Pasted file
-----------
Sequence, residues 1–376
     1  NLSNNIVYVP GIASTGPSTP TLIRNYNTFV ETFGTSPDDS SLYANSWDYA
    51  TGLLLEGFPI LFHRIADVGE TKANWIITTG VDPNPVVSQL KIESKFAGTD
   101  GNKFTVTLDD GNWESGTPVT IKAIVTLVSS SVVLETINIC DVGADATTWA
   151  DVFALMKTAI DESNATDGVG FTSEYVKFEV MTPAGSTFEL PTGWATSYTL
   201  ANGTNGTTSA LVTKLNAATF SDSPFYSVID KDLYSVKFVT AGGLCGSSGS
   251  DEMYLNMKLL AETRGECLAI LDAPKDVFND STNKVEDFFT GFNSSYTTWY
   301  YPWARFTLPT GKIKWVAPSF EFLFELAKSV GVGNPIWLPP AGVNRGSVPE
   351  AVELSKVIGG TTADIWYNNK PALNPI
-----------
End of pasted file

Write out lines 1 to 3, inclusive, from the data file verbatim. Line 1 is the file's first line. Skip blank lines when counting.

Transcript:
Sequence, residues 1–376
     1  NLSNNIVYVP GIASTGPSTP TLIRNYNTFV ETFGTSPDDS SLYANSWDYA
    51  TGLLLEGFPI LFHRIADVGE TKANWIITTG VDPNPVVSQL KIESKFAGTD